Five questions from Virginia's 2010 election results
It's all (almost) over but the shouting in Virginia, which played host to four competitive congressional contests this cycle and a few more that were worth watching. Now that we've had all of 36 hours to digest the numbers, here are five interesting questions that emerged from the results:
1) What if Pat Herrity had won? Of all the Northern Virginians waiting to hear the final vote count in the 11th congressional district -- Rep. Gerald Connolly (D) currently leads Oakton businessman Keith Fimian (R) by 925 votes -- none likely feels quite the same mixed emotions as Fairfax County Supervisor Pat Herrity.
Back in June, you'll remember, Fimian beat Herrity by a convincing 12-point margin to secure the GOP nomination against Connolly for the second cycle in a row. Herrity seemed to have run a lackluster campaign, as his fundraising never took off and he constantly played defense against Fimian's charges that he wasn't conservative enough.
At the time, national Republicans privately suggested that if Herrity couldn't beat Fimian in the primary, he probably couldn't beat Connolly, a seasoned campaigner, in the general election. But after Tuesday's squeaker of a race, it's worth wondering whether Herrity could have gotten just 1,000 more votes than Fimian. Connolly's primary attacks against Fimian were that a) he had no record of civic engagement, which wouldn't have worked against Herrity; and b) that Fimian was too conservative on social Issues for the moderate 11th district. That charge may or may not have worked against Herrity, who also opposed abortion but has never been as outspoken as Fimian on that or other social issues.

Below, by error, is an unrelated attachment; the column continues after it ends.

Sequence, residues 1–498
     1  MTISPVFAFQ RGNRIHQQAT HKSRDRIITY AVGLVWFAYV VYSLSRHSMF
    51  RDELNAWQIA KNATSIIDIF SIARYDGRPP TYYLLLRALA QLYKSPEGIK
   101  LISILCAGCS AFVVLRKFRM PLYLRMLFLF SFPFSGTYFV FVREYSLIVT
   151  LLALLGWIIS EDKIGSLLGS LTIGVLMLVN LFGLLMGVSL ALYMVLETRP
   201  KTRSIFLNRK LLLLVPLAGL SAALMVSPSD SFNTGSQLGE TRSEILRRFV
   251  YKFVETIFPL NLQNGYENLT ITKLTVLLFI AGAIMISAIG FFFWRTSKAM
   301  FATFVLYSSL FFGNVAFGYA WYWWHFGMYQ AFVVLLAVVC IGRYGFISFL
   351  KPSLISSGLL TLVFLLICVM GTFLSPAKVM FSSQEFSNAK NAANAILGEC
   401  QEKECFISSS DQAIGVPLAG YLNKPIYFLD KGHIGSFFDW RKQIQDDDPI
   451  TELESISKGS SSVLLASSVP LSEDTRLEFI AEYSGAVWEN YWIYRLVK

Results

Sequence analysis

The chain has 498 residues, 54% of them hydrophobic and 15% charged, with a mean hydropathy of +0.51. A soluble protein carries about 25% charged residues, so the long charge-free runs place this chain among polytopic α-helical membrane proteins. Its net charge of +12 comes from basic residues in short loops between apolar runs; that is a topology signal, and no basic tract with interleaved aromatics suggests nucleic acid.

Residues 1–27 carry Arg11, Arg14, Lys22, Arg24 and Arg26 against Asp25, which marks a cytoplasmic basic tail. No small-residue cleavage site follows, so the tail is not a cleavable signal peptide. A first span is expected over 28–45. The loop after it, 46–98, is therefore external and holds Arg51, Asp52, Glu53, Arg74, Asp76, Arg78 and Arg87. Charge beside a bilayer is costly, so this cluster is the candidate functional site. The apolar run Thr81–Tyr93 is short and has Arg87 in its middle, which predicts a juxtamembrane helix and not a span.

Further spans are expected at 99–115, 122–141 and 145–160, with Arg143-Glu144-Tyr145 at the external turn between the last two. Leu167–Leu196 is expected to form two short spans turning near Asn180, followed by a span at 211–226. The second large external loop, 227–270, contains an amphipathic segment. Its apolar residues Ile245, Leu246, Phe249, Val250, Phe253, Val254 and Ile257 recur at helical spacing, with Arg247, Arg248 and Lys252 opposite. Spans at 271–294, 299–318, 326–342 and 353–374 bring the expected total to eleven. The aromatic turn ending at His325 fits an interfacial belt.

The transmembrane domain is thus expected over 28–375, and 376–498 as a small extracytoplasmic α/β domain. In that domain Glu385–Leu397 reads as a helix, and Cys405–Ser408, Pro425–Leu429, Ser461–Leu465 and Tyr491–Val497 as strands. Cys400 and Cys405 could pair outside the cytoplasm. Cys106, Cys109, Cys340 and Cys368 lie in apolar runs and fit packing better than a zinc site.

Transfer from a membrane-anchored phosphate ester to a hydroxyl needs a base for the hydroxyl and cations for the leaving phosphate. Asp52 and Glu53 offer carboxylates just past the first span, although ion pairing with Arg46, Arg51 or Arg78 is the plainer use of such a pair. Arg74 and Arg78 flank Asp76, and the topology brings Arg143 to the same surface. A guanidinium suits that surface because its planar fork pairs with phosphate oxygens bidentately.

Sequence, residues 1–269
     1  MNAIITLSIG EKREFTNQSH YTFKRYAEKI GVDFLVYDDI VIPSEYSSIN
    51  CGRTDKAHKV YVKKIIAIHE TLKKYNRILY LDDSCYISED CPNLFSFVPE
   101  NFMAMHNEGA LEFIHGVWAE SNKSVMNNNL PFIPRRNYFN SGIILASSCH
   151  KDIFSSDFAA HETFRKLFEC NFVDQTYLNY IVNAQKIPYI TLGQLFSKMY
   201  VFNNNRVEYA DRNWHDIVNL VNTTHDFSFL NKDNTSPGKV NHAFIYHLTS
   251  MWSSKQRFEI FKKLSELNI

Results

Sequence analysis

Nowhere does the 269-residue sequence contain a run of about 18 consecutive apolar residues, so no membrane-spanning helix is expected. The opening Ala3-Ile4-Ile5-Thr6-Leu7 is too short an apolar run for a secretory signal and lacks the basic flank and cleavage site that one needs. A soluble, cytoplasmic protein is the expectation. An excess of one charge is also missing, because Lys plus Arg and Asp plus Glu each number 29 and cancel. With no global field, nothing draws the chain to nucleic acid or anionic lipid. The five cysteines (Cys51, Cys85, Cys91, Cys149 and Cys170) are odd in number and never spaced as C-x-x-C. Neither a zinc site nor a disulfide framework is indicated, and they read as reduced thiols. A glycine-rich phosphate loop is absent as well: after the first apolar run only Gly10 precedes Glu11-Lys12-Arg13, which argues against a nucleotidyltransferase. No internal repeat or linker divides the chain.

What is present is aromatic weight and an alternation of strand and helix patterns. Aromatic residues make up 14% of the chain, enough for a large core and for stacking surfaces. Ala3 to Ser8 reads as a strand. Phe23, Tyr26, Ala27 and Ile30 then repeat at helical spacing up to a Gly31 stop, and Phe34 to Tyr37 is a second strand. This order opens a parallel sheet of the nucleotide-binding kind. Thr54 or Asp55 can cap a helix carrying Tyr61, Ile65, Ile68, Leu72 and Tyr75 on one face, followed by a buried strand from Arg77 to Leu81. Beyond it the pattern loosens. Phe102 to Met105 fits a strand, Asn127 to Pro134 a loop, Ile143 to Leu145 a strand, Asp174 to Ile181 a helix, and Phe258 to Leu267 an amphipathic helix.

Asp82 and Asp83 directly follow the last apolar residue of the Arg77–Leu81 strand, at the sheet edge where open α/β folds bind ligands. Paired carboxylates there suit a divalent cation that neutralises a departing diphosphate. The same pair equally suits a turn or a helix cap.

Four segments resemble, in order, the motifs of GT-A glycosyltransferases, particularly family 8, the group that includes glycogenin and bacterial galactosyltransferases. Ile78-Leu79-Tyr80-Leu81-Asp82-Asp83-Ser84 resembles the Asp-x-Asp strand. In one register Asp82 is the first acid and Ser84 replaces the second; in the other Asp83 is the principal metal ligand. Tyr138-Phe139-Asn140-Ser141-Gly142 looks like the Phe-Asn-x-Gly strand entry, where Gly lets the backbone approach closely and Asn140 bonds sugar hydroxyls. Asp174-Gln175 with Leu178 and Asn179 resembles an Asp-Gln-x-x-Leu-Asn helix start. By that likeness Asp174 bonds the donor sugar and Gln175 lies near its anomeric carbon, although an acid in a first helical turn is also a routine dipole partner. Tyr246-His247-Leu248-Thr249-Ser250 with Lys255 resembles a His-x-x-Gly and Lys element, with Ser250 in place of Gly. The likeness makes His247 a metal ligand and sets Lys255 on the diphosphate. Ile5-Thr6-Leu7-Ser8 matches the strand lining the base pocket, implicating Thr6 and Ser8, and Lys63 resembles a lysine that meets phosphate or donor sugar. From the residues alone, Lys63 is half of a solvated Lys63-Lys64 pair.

Herrity also had something more of a base in Fairfax County, where his father, Jack Herrity, held office for many years. (Herrity did underperform in the county during the primary.) Fimian managed to take 47 percent of the vote there Tuesday, so how well might Herrity have done?
On the other hand, Fimian almost certainly did better in Prince William County than Herrity would have, and maybe Fimian did so well in this outsiders' year precisely because he was a conservative political novice. Maybe a more conventional elected official like Herrity would have been unable to draw a sufficient contrast with Connolly. We'll never know. But given how close Tuesday's voting ended up, Republicans -- one in particular -- must be pondering what might have been.
2) What happened to those independent candidates? Speaking of primaries, remember those competitive Republican contests in the 2nd and 5th districts? Democrats believed that unrest on the GOP side would help Reps. Glenn Nye (D) and Tom Perriello (D), as some Republicans accused their eventual nominees in those races -- auto dealer Scott Rigell and state Sen. Robert Hurt -- of being insufficiently conservative.
After Rigell and Hurt won their primaries, both men drew challenges from conservative independent candidates. Democrats hoped those men would peel enough votes away from the Republicans to help Nye and Perriello win, even going so far as to send mail into the 5th district to boost the candidacy of Jeffrey Clark. But that strategy failed to pay dividends.
On Election Day, Clark drew just 2 percent of the vote (Perriello lost by 3 points), while Independent Kenny Golden -- the former chairman of the Virginia Beach GOP -- picked up 4 percent in the 2nd district, where Nye lost by 11 points. The only district in the state where third-party candidates drew reasonably well was the 6th district, where Rep. Robert Goodlatte (R) faced no Democratic opponent and an independent candidate and a Libertarian took a combined 22 percent of the vote.